The stations themselves are not equipped to handle large scale storage of nuclear waste, and getting their SNF to reprocessing at Mayak in the southern Urals would, by the very nature of the FNPPs’ remoteness, be largely impossible – an issue Rosatom has failed to address.

This means that local residents of the small settlements FNPPs are meant to serve run the risk of becoming permanent nuclear waste dumps. Since the eradication of legally binding public hearings with the passage of Russia’s new municipal building codes in January, the residents would furthermore have no say in whether they wanted to watch their region turn into a radioactive wasteland.

Furthermore, nuclear officials in Russia seem to have no concern for that aspect of FNPPs anyway.

“When they build nuclear submarines – do the hold hearings for that?” Rosatom’s Novikov asked rhetorically.

Ironically, one of the most looming environmental catastrophes of the post Cold-War era are the 250 nuclear submarines that were built by the Soviet Union – not one of which has been entirely dismantled.

Though the majority of them have been cut into sections, the problem of safely storing their spent nuclear fuel remains unsolved. Other rusted out submarine carcasses that are still afloat with their nuclear fuel on board, ageing nuclear icebreakers and nuclear service ships are a headache not only for Russia, but other nearby nations as well, which have spent millions of dollars to help Russia avert potential nuclear catastrophes.

FNPPs, once decommissioned after their service life has ended, would likely face the same fate of becoming yet another floating nuclear hazard on the seas surrounding Russia.

Dealing with emergencies
The intended remoteness of FNPPs also contribute to their vulnerability should any emergencies arise. Proposed areas along Russia’s Arctic coast for their use are ice-jammed most of the year and lack crucial infrastructure for dealing with emergencies.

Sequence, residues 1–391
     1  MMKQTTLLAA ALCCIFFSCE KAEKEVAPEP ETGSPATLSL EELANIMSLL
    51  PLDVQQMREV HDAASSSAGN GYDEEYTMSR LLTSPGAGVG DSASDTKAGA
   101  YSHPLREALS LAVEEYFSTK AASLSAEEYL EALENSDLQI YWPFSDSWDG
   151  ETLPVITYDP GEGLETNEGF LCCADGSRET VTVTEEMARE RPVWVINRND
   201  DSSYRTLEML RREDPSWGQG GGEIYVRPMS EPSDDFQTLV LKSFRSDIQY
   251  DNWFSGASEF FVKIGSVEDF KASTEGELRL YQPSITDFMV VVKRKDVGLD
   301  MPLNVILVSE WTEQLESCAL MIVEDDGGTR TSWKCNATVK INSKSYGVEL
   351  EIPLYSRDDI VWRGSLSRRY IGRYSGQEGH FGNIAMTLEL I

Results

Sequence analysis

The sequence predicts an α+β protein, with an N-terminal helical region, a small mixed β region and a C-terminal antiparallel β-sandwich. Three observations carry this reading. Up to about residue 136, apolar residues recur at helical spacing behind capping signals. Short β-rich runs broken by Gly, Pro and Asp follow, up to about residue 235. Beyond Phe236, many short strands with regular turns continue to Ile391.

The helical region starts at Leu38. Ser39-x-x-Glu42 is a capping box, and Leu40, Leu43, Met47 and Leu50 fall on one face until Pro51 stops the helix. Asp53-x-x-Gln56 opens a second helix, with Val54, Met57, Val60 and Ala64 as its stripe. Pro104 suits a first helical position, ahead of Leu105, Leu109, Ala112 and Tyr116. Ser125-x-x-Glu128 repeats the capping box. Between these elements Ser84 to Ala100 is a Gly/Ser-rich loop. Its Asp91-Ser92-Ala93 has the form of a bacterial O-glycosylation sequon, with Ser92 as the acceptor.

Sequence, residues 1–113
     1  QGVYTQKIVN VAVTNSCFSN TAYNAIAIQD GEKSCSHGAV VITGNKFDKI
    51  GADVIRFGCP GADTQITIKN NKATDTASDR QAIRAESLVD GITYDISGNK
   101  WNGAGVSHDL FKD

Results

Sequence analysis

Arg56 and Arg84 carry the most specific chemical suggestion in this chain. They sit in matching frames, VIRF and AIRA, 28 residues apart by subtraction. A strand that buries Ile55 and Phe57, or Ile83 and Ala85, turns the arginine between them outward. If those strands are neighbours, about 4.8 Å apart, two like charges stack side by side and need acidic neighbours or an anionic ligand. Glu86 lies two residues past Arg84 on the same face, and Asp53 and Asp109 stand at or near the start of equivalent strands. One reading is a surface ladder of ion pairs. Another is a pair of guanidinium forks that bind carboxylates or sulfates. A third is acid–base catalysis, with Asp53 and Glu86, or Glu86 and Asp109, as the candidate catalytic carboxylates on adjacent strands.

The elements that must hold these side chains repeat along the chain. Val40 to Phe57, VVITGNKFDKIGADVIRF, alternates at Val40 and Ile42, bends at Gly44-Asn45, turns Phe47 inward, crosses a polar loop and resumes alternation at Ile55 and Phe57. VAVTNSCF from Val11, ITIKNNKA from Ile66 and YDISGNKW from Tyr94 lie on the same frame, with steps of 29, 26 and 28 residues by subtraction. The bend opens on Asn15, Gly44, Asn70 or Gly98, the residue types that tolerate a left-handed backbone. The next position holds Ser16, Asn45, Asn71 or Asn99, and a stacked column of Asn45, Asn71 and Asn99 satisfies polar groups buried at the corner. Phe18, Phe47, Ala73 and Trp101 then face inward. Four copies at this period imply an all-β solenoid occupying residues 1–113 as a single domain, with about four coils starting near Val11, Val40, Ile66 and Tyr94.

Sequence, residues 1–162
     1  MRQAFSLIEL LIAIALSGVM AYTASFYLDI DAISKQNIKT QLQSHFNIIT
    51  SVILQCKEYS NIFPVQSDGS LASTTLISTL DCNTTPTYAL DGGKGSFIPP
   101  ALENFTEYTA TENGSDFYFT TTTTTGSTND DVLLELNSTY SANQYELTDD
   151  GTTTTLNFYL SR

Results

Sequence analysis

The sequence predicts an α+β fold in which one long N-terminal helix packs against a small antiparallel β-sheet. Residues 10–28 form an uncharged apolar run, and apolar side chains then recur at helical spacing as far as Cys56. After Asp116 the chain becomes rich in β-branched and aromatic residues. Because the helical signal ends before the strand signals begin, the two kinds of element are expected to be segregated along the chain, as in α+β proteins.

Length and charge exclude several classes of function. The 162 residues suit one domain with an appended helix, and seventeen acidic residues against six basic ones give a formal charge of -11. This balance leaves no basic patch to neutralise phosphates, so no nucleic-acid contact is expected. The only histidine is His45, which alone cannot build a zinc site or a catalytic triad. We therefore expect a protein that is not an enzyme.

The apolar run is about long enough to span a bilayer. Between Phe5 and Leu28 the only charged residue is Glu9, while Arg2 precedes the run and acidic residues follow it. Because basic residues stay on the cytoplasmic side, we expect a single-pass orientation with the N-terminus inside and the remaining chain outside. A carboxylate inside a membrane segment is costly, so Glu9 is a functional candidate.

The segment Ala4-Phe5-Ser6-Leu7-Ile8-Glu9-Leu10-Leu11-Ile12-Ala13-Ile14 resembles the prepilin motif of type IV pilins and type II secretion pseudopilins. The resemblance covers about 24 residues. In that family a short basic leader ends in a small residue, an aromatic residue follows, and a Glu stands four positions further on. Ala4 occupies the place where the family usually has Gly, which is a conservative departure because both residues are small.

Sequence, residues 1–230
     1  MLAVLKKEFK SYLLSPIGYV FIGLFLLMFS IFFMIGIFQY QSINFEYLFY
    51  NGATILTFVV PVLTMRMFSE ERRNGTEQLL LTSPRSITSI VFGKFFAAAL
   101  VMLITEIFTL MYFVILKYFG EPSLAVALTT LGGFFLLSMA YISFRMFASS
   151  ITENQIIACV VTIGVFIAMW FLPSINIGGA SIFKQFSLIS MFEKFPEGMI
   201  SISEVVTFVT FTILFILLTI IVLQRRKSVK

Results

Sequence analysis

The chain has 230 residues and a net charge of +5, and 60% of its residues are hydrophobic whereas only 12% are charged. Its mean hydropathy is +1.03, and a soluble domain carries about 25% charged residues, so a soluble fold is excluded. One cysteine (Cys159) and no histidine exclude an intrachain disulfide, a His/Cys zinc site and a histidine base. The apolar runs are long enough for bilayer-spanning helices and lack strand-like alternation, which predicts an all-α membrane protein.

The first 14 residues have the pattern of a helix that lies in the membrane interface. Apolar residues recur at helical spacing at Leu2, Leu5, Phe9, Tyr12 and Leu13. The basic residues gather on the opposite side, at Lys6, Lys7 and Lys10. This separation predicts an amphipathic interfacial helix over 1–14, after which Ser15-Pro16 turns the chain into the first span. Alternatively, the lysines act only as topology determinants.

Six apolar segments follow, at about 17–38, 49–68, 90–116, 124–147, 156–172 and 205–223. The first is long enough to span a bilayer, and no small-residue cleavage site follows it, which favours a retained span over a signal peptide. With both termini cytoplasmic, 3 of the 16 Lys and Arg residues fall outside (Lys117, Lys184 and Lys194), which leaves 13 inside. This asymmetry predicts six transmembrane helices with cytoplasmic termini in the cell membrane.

The size of many of the potential settlements FNPPs would serve lack even public address systems to alert citizens to any of the dozens of accidents that could occur, from accidental release of radioactive emissions to full-scale melt downs.

Rosatom has yet to announce any plans to outfit these far-flung regions with the radiation monitoring and emergency systems that towns hosting land-based nuclear power plants have.

In Kudrik’s assessment, far too large a tangle of questions remain unanswered to even begin considering putting six FNPPs into operation over the next three years, to say nothing of their prospective sale to other nations.

“In what way do they propose to remove fuel from stations that are providing electrical power to some remote region in the far north?” said Kudrik.

“And if the station has an emergency? How can you prevent it when several of the regions where they are planning on putting floating nuclear power plants are accessible only during a few months out of the year?”

In Bellona’s opinion, FNPPs are a dangerous experiment that poses too many dangerous questions to which there is a dangerously small amount of answers. They are, in short, floating mini-Chernobyls in waiting.

Igor Kudrik and Rashid Alimov contributed to this piece. Ponomareva reported from St. Petersburg and Digges reported and wrote from Oslo.